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Appreciates a city bigger than his hometown of Whidbey Island and welcomes newcomers to the neighborhood

When the wife of the pastor at the church on the northern border of Multnomah Village was 10 years old and living in Southern California, she knew with the conviction that comes to some through prayer that eventually she would live in Portland.

Audra Mahoney will begin her third year here this December with her husband, Riversgate Church Pastor Andy Mahoney, her 12-year-old son Samuel and 10-year-old twins, Emaline and Elliott.

"We had been wanting to live in a bigger town," said the pastor, whose last Foursquare church was on Whidbey Island northwest of Seattle, where he was born and raised. Mahoney never doubted his wife's premonition.

"Even as a young girl, my wife felt that she would someday live in Portland. So Portland was always in our hearts. We'll be here a while. Quite a while," he said.

Riversgate Church has only been located in the century-old building at 7634 S.W. Capitol Highway for five years. The building, once home to a warehouse, has been completely restored and besides being a church, is used for meetings of local nonprofits like Meals on Wheels People. Office space is leased to the foreman of the Multnomah Station apartment construction project across the street.

"One of the things we love about this building and why we're excited to have it is that we knew we would leverage this resource for the good of the community," Mahoney said.

Before the northern part of the building on the corner of Southwest Troy and Southwest Capitol Highway was converted to the church it is today, members of Riversgate Church, who had come over from Beaverton Foursquare Church, met on Sundays in the Multnomah Arts Center across the street. One of them was Carl Cadonau III of the Alpenrose dairy operation. He is no longer a member of Riversgate,

Pastor Mahoney says there are currently 175 "working, active" members of Riversgate Church and at least 150 of them show up for services every Sunday. Those services include songs, readings from Scripture, a sermon and Sunday school classes for the children. He's expecting up to 300 worshippers on the Sunday before Christmas and at Christmas Eve services.

Riversgate Church is no mega-church even though it is affiliated with the Foursquare Church, which was founded in the 1920s in Los Angeles and counts many mega-churches among its 90,000 churches in 146 nations. Angelus Temple, where it all started with a woman named Aimee Semple McPherson, is considered one of America's first mega-churches. There are currently 100 Foursquare churches in Oregon, with 30 in the Portland area.

Foursquare founder, McPherson, achieved unheard-of celebrity status as an Evangelical preacher and radio station owner when that medium was very young. Mahoney said, "She did a lot of good and she had a bit of controversy surrounding her life. She had such a huge footprint in those days. It is said you could walk down the street in Los Angeles and hear her preaching on the radio through open windows.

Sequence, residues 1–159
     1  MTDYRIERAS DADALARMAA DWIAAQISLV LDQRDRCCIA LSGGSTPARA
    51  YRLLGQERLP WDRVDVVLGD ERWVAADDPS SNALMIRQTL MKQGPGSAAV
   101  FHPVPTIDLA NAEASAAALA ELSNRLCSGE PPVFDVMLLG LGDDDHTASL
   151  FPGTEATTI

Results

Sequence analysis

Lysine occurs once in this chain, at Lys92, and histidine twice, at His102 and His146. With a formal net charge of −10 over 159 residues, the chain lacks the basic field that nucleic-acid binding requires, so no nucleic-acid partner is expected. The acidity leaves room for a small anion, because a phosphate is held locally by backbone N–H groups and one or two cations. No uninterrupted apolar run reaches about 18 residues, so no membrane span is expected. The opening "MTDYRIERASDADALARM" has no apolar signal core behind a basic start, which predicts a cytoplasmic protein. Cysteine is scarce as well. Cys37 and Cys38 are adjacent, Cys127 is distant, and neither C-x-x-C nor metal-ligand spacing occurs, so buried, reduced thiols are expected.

"She was quite a character," said Mahoney, who has listened to recordings of McPherson's sermons. "Larger than life. There's some reverence for her but there's also a sense of, 'That's kind of like our crazy grandma,' you know?"

Mahoney's not looking to be the next pastor of a mega-church but says new people moving to the neighborhood would be "wonderful." He's aware, though, that not everyone welcomes what the apartment development across the street represents: higher density.

"I understand and recognize the pain of people who have been here a long time who have watched the city encroach on the neighborhood," he said. "At the same time, as someone who moved into the neighborhood three years ago and been welcomed, we welcome the presence of more people and would love some of the people moving into the apartments to land over here."

The large Jewish population in Southwest Portland is something he was aware of before accepting his assignment.

"That's one of the things that excited me," Mahoney said. "I've always been passionate about interfaith dialog. Just last week, I attended the Building Bridges event at the Muslim Educational Trust Center. It was led by Christians, Muslims and Jewish people working together for the common good to confront hate."

For him, Mahoney said, interfaith dialog is all about, "Discovering common ground through conversation without compromising convictions."

Coexistence, in other words.

"One of the things I love about Foursquare is what's engraved on the cornerstone of that first church in Los Angeles: 'Dedicated to worldwide interdenominational evangelism,'" he said. "Foursquare has always traditionally played well with others. It has not been the sort of denomination that says, 'We are the ones that have the monopoly on the truth.'"

Asked what millennials are looking for in a church experience these days, Mahoney said, "I would say you should ask a millennial. I'm 39 and in no-man's land. Am I Generation X or Y or what? I was raised by baby boomers but I'm older than millennials. I think what I desire is reflected in millennial's desires. Authenticity, honesty, community, transparency and the ability to ask any questions, to know that nothing's off limits.

"More than anything," the pastor added, "millennials desire relationships. This is the first generation with the internet. Millennials are finding that being connected to everyone at the same time is not a true connection."

Services at Riversgate Church, 7634 S.W. Capitol Highway are held every Sunday at 10 a.m. and last until about 11:15 a.m. Visit www.riversgate.net for more information.


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